There are more hurdles than just scheduling for both Major League Baseball and its labor union to overcome when trying to figure out how to handle a shortened or possibly canceled season. One of the major obstacles was figuring out service time, so that players would have an accurate idea as to how close they were to entering free agency or arbitration and whether it would be delayed or not. It appears that’s been figured out, and it appears it’s been at the expense of players who don’t have a voice—amateur ones.
Earlier this week, Ken Rosenthal of The Athletic reported that the league and union were coming together to negotiate an agreement on what to do about service time. It appears that players would get a full year of service time if they remain active throughout the duration of the upcoming season. They’ve tabled negotiations on how to handle things if the season gets banged entirely.
Some parties may be aggrieved. There may be teams that will only get parts of a season, and maybe a small one at that, from a player who will then bolt in free agency (Hi, Mookie!) Or those who will see players become more expensive without the benefit of all the cost-controlled time that teams were expecting. it seems the players are going to let the owners make that up by not paying draftees.
The report says the draft will be moved to July, and that draftees will end up deferring 90 percent of their signing bonuses, with half of the deferment being paid next year and the other half the year after that. The draft will also be shortened to possibly five rounds—or 10, or somewhere in between—and there will be a $10,000 cap on undrafted players’ signing bonuses. This seems convenient when so many players will go undrafted this summer, considering the shortened draft. For reference, the last draft was 40 rounds. Adding compensatory picks, that can be more than 900 players that go undrafted this summer.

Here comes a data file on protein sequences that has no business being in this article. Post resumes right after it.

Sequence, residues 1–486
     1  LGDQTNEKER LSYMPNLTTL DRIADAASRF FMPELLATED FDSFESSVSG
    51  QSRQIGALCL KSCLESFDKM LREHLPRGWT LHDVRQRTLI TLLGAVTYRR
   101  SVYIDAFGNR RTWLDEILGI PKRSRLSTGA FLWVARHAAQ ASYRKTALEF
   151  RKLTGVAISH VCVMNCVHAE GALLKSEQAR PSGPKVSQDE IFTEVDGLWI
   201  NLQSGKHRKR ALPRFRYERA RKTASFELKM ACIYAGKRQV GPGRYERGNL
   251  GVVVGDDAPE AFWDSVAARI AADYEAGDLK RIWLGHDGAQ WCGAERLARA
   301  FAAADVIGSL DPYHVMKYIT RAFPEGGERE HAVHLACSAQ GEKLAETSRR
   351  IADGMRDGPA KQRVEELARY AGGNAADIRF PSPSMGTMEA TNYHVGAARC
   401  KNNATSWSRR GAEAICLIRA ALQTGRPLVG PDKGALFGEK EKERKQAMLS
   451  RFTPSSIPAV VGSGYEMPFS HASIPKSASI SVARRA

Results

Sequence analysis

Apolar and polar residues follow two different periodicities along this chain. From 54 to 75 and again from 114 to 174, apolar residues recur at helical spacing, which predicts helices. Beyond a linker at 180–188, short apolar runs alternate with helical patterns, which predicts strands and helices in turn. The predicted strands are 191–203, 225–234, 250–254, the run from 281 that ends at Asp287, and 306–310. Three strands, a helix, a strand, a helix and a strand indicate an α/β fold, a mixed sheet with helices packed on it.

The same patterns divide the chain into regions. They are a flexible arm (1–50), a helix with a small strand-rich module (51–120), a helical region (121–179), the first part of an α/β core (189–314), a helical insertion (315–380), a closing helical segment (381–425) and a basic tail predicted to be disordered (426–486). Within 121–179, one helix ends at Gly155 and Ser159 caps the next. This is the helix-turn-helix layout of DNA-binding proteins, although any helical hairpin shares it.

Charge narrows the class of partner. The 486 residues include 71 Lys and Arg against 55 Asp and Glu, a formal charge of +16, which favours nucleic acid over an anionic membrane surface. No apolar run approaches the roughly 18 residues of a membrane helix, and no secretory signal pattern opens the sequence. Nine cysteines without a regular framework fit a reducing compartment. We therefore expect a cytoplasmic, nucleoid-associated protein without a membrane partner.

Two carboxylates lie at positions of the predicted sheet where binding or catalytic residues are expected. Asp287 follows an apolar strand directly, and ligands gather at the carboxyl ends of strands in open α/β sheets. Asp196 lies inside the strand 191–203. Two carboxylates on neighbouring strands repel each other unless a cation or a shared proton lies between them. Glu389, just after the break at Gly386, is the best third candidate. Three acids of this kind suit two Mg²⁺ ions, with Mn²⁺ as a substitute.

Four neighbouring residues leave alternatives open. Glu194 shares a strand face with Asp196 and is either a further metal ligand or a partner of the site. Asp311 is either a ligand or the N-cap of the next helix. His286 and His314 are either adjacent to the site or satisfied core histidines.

It’s easy to see what’s going on here. Owners stand to make less money this year due to missed games, so they’ve asserted that they’d need to spend less on the draft to help compensate.
The actual savings here are disputable, as the CBA limited teams to a median of $8 million in bonuses for a draft anyway. As Craig Calcaterra points out, this might just be a play-action to achieve the shrinking of the minor leagues the owners have been pushing for recently. With teams now adding significantly fewer players to their system this season, they may feel even more compelled to shrink that system.
It feels like the union has sold out its amateur brethren. This is not the first time that they’ve done so, and it’s always been in the hopes that the cash no longer allowed to flow to draftees and amateur players would then be spent on veterans. As we all know, that’s worked out great.
The value of what the owners save with a shortened draft commensurate with the losses incurred by players’ service time affected by an abbreviated season. If you throw in what we know about what the owners would like to do to the minor leagues and combine that with the fact that you should never trust the owners as far as you could throw them with a lacrosse stick, you’d be excused for thinking there’s more afoot here than just saving a million or two on the draft.